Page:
My e-mail addy is armoorfam@centurytel.net. E-mail me so that I have your contact information so we can set up for you to meet with me in the online classroom for a tour of Cmaps. I have application sharing in there, so it is a great way to lower the learning curve.
Hi Tammy
Your way to apply cmaps systematically in both concept mapping and portfolios should be very welcome to me.
Unfortunately in my school context no one student use cmap - nor concept mapping in every support or format - spontaneously.
Furthermore portfolios don't enjoy any positive reputation in Italian education.

This is an alternative quick application that had a certain, brief success, (based on the shared vision of a youtube video):
http://cmapspublic.ihmc.us/rid=1G6NC53J5-2BNQPSG-LCQ/Intramolecular...
(this further link shows how the cmap could appear before of the synchronous collaborative work
http://cmapspublic.ihmc.us/rid=1G6NPYX11-285YLPB-MR5/Intermolecular...).

Alfredo
Here are two examples of how cmaps can be used to organize and share information and encourage collaboration. First is a map showing articles written in past year by a Northwestern University PIP Fellow at Cabrini Connections, Tutor/Mentor Connection, based in Chicago. The second is a map of groups at Northwestern University who could be working together to help tutor/mentor programs grow in Chicago.

At this strategy map, we show a vision of helping kids move through school to jobs, and the role we and many other leaders should take.

These maps are on web sites, blogs and in networking communications so that more people find them and use them. I feel that students in HS and college could be creating similar strategy maps, showing what they think the actions should be that change their world. If we can teach kids to string together ideas in a logical sequence, they can apply this in all of the problem solving the do, and some may even provide leadership that does change the world.
I'm not actually aware of how I can use it! I didn't find the free version! I used one example that I found only.

The link to the download is at http://cmap.ihmc.us/download/index.php for the user version of Cmap. Even after many years, I still use my Cmap software regularly. One of our uses is to do project management. We have teams of volunteers working on various aspects of course development. The Cmap helps us to quickly see if we are on schedule, what needs to be assigned, and more. It is used extensively as a study tool as well turning course content into a concise format with inter-relationships at the forefront. If you are not sure what Cmap is, just Google concept mapping or concept map to se some examples from many different software titles and even hand drawn ones to get a feel for what a concept map is all about.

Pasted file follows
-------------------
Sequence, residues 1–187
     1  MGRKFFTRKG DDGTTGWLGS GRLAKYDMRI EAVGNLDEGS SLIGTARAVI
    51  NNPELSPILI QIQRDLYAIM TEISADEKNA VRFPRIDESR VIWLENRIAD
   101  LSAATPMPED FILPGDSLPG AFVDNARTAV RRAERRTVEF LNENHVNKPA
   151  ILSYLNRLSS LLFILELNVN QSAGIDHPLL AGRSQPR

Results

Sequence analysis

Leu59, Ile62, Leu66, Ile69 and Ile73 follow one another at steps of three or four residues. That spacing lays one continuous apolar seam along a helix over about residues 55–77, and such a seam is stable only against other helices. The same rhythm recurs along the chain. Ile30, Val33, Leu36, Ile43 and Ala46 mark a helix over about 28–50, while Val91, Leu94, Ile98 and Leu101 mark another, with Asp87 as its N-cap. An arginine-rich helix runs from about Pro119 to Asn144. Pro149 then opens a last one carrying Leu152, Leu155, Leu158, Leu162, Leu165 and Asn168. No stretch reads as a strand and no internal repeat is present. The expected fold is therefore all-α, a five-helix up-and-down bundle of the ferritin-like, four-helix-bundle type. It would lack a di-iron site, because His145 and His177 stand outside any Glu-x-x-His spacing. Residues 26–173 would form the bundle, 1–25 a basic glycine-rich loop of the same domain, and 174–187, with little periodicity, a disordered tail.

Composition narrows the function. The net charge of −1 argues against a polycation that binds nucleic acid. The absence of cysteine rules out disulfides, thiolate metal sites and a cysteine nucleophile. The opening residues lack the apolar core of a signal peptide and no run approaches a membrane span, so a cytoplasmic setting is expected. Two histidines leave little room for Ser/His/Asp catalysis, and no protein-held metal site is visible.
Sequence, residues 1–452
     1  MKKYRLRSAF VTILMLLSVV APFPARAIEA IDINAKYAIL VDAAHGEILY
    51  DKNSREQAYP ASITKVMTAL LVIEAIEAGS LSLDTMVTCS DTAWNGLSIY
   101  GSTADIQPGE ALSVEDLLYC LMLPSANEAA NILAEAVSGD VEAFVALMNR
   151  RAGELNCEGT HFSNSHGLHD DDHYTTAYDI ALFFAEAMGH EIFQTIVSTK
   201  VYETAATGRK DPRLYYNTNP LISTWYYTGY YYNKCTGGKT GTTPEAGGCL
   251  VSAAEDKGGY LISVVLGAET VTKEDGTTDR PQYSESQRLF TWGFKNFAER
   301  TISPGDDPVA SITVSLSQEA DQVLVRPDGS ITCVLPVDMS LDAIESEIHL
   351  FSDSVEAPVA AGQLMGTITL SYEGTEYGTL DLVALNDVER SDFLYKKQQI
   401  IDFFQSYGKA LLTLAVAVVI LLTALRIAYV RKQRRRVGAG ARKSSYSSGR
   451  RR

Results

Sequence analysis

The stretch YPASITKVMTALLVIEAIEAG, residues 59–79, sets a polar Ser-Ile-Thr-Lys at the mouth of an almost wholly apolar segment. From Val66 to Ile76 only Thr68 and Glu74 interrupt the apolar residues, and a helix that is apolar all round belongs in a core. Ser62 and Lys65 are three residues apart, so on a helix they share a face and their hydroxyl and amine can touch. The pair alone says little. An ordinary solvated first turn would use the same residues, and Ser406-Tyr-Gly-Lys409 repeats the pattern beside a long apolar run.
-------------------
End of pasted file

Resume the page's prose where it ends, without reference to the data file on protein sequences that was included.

I have never used Cmaps with my students, but while I was using it for my online class on Tecnhology in ESL teaching I realized how useful it was. It was a lot clearer to see the main ideas of the text I was summarizing. As a visual person, it was a lot easier to actually see the ideas organized in a kind of a "physical" environment. It was almost as if Icould "touch" my ideas, instead of only having them all disorganized in my mind. Besides, the possibility of using Cmaps with links to other sources makes them an almost endless source to teaching and learning.

A good idea to use Cmpas with youngers students would be to use lots of links to videos, pedagocical games, and flash presentations to illustrate or even explain better whatever is being taught.

I’m taking the same course as my colleague Bianca and, just like her, I’ve never used Cmaps with my students before; however, while we were doing a task in our online class, I discovered a new useful tool.

I must confess that when I was reading the theory by the first time I did not like it, but while we were creating the activities based on the Cmaps, I found out that, when it’s well developed and well planned, the activities can enhance students’ abilities and vocabulary in an incredible way. Now I am a big fan of Cmaps, and when it is possible, I will try to use it with my students.

RSS

A Learning Revolution Project

Commercial Policy

If you are representing a commercial entity, please see the specific guidelines on your participation.

The Fifth Year Anniversary Book Project!

We want you to write a chapter!

Click here!

Badge

Loading…

Follow

Awards:

© 2017   Created by Steve Hargadon.   Powered by

Badges  |  Report an Issue  |  Terms of Service